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Dredd (2012)

by on 2013/01/23

dredd_2012“I expected more from you.”

* * *

Let’s take an inventory here. Dystopic future – check. Flinty action hero – check. Queen Gorgo or as she’s otherwise known – Lena Headey – from 300 as a dead-calm, scar-faced crime boss named Ma-Ma – check. Balletic violence, beautifully realized and filmed – check. Movie based on a comic – check.

This should have been a recipe for pure delight for me. But it was not, and I’m not entirely sure why.

I think I’m one of the very few people in the world who liked the 1995 Judge Dredd movie. Yes, it was cartoonish, campy, Stallone took off his helmet (which was strictly against creators John Wagner and Carlos Ezquerra established guidelines …against the law in fact) and it had a Rob Schneider (50 First Dates) in it.

But I liked it, rather a lot.

Now maybe I was tired when I saw Dredd. Maybe I was cranky. Maybe I didn’t have my juice. (Well, my straw broke off in the carton… that’s not the point!).

The verdict is inescapable. Dredd didn’t delight me.  I kind of love Karl Urban (Red). When I first saw him in Doom, I thought he looked so perfectly like the little Doom soldier face that stared up at me all those years.

I admired Urban and director Pete Travis’ courage to stick with the idea of leaving Judge Dredd’s helmet on through the whole movie. Though I could have sworn Urban was doing a little Stallone with his mouth at times, affecting jowls with his omnipresent grimace. Unfortunately, the result is a complete lack of connection with the helmet-headed protagonist.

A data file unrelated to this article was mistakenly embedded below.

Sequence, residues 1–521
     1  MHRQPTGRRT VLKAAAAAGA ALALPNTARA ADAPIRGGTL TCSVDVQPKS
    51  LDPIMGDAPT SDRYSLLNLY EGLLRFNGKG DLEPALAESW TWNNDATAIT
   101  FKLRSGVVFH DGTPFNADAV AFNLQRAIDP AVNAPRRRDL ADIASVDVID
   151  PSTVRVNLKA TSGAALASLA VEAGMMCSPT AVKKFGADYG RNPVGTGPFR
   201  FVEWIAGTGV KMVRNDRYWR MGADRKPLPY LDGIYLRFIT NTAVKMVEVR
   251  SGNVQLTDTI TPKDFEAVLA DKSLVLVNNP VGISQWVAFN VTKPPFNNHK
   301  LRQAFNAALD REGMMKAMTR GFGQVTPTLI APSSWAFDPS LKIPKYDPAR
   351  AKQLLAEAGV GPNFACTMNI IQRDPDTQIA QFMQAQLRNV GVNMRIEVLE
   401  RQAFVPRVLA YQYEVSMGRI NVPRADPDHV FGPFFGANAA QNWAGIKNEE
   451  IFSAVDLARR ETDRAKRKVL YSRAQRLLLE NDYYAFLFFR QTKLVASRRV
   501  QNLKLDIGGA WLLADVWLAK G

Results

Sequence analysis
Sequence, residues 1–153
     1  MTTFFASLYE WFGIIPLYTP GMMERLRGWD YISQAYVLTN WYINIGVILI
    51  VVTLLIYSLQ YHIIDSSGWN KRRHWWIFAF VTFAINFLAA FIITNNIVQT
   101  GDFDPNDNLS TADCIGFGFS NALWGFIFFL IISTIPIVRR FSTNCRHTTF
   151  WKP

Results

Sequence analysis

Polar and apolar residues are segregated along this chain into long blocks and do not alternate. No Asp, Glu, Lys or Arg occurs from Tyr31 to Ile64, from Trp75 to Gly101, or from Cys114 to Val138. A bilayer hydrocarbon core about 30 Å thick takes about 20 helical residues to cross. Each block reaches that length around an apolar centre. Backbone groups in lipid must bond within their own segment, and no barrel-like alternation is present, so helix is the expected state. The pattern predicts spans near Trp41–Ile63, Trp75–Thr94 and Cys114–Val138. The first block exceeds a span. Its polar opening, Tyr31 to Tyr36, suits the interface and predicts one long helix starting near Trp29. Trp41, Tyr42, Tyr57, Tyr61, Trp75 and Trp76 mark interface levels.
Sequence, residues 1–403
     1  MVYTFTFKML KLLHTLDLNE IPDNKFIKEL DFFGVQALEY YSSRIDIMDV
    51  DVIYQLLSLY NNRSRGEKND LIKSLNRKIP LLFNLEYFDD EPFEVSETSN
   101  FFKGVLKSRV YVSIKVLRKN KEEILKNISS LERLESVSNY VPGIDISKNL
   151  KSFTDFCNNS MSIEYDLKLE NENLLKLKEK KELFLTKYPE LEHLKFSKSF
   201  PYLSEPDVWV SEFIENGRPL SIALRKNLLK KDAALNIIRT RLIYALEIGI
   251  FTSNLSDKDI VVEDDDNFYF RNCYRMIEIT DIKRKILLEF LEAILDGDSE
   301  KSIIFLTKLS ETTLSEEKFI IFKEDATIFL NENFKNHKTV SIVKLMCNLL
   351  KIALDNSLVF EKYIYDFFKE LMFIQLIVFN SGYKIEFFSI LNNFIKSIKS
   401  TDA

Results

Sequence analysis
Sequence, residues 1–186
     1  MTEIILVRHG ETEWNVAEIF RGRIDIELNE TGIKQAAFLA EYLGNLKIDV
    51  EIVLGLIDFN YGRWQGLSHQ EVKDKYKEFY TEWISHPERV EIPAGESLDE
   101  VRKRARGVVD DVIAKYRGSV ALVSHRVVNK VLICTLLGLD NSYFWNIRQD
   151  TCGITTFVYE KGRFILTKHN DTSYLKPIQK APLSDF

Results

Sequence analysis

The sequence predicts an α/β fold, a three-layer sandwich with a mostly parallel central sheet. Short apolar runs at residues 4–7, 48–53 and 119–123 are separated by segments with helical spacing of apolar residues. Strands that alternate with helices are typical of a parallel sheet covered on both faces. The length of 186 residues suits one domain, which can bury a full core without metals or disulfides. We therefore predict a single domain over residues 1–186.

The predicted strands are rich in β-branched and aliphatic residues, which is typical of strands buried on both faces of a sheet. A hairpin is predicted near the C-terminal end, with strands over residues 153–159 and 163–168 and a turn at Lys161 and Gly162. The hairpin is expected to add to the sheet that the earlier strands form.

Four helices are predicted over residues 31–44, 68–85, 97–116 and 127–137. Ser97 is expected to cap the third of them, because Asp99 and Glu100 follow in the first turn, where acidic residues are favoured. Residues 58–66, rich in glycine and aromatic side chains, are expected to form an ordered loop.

No eyes, no caring, apparently.

Urban’s sidekick in this installment is Olivia Thirlby (Juno) as Cassandra Anderson, a judge in training. Anderson is the blonde and bright-eyed rookie to grim monolithic Judge Dredd. They are hot on the trail of some criminal types in a big, awful apartment block called the Peach Trees. Things are bigger in the Mega-City One and the 200-storey is the huge environment in which the action plays out.

However, quiet, circumspect interior drama this isn’t.

Skinned gang members are thrown over the Peach Trees’ stratosphere-scraping balconies. Ma-Ma is a former prostitute who “feminized” the pimp who disfigured her face with her own teeth. Yup.

I have to say, Headey is genuinely scary as the queen of the drug-dealers. The drug of choice in this environment is called Slo-Mo. And the effects – slow motion – are used to demonstrate what a junkie sees. It is all very compelling – if a tad overused.

All good so far, then there was a truly unexpected wrinkle. First let me say, there’s nothing wrong with Thirlby’s performance in this film. She’s charming. My issue is more that she’s …a …wait for it ..helmet-less psychic.

Cassandra… get it? Ever since Deanna Troi’s prescient warning, “Captain, I sense hostility,” when the ruddy alien vehicle is firing on the Enterprise, I’ve feared the empath and the psychic in my entertainment.

The milky, water-coloured …impressions of Cassandra’s psychic visions, slowed things down (already slowed by the Slo-Mo) to a sleepwalker’s lurch.

Maybe I’ll like Dredd the next time round. After I had my juice.

* * *

95 minutes

Rated R for strong bloody violence, language, drug use and some sexual content

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